Apple Kills Aperture Photo App - InformationWeek

InformationWeek is part of the Informa Tech Division of Informa PLC

This site is operated by a business or businesses owned by Informa PLC and all copyright resides with them.Informa PLC's registered office is 5 Howick Place, London SW1P 1WG. Registered in England and Wales. Number 8860726.

IoT
IoT
Software // Enterprise Applications
News
6/30/2014
09:15 AM
Connect Directly
Twitter
RSS
E-Mail
50%
50%

Apple Kills Aperture Photo App

Apple will replace Aperture with OS X Yosemite's built-in Photos app, but the company says it remains committed to its professional customers.

8 Gadgets For The High-Tech Home
8 Gadgets For The High-Tech Home
(Click image for larger view and slideshow.)

Apple announced last week that it is ceasing development on Aperture, its professional photo-editing application. Last updated in 2011, when Apple added 64-bit support, Aperture will be replaced by the new Photos app in the upcoming OS X Yosemite.

Both Aperture and iPhoto -- the consumer-oriented photo app that comes in Apple's iLife suite -- will be replaced by the new app, which will debut in early 2015. OS X Yosemite will ship this fall, so Aperture users won't have immediate access to the replacement. Apple said even though Aperture will not receive additional updates, it will be compatible with OS X Yosemite.

The news was first reported by the website The Loop. In a statement sent to InformationWeek, Apple confirmed, "With the introduction of the new Photos app and iCloud Photo Library, enabling you to safely store all of your photos in iCloud and access them from anywhere, there will be no new development of Aperture." The company said users will be able to migrate their existing Aperture libraries to the new Photos for OS X app.

Apple's upcoming Photos for OS X app
Apple's upcoming Photos for OS X app

Apple's decision to kill Aperture has already sparked concerns among users that the company intends to drop professional apps and instead focus on easy-to-use, consumer-oriented software. Apple has faced this sort of concern before. In the first half of 2011, Apple announced Final Cut Pro X, a revamp of its popular video editing software, to substantial fanfare. When the app reached users a few months later, however, many balked at the unfamiliar UI, which some compared to iMovie, and an incomplete list of pro-oriented features. Final Cut Pro X was even lampooned by Conan O'Brien.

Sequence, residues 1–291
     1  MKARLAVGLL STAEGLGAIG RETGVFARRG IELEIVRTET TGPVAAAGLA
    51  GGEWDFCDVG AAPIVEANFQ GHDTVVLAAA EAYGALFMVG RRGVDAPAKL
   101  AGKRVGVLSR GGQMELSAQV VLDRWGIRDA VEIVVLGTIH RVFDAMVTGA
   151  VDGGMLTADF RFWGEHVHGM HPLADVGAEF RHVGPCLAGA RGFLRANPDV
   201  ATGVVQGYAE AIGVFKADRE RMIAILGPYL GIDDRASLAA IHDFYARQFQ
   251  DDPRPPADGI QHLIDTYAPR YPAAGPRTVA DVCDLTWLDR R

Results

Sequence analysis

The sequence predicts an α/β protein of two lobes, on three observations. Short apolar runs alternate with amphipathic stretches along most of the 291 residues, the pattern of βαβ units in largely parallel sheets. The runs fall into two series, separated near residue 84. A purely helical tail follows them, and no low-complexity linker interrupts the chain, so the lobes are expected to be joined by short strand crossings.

[Will Apple's design savvy help make smartwatches popular? See Wearable Tech: Fashion Will Rule.]

Since then, Apple has added more advanced features to Final Cut. The software is still popular among many film and video professionals, and has arguably gained new support thanks to its close integration with Apple's Mac Pro. But while Apple was maturing its new app, many users switched to alternatives such as Adobe Premier.

By dropping Aperture, Apple could similarly lose enthusiast and pro customers to Adobe. In a thread on the photography site DPReview, many commenters on Friday were discussing whether Apple intended to water down its photo tools. Some argued that Aperture had already fallen behind Lightroom, Adobe's equivalent product.

But Apple isn't necessarily abandoning professionals. On Friday, the company issued updates to Final Cut X, Motion 5, and other pro apps. Given the timing, it's possible Apple wants to reassure users who were dismayed over Aperture's demise.

Apple stated that it doesn't intend to drop its other pro apps. The company declined to specify which Aperture features will or won't appear in Photos for OS X, but if Apple bakes popular Aperture functions into OS X's out-of-box tools, it won't have turned its back on professional photographers. In online forums, some Aperture users wondered if Adobe's Lightroom would remain a standalone app now that Aperture has folded. Though Lightroom can be purchased under a standalone license, Adobe has shifted most of its products -- including Photoshop, which many Lightroom customers also use -- to its subscription Creative Cloud service. That said, the company has previously indicated it will continue to support Lightroom as a standalone app. If comparably deep functionality becomes available to Apple users for free, the company could retain a large chunk of the Aperture user base. But if the new app is focused mostly on syncing with the iPhone's camera and the company's new iCloud Photo Library cloud storage service, the outcome could be much different.

For its part, Adobe clearly senses an opportunity. The company quickly responded to Apple's announcement with a blog post that encouraged Aperture uses to check out Lightroom. "Put simply, we're doubling down on our investments in Lightroom and... you can expect to see a rich roadmap of rapid innovation for desktop, web, and device workflows in the coming weeks, months and years," Adobe VP for digital imaging products Winston Hendrickson wrote. "We also continue to invest actively on the iOS and OS X platforms, and are committed to helping interested iPhoto and Aperture customers migrate to our rich solution across desktop, device, and web workflows."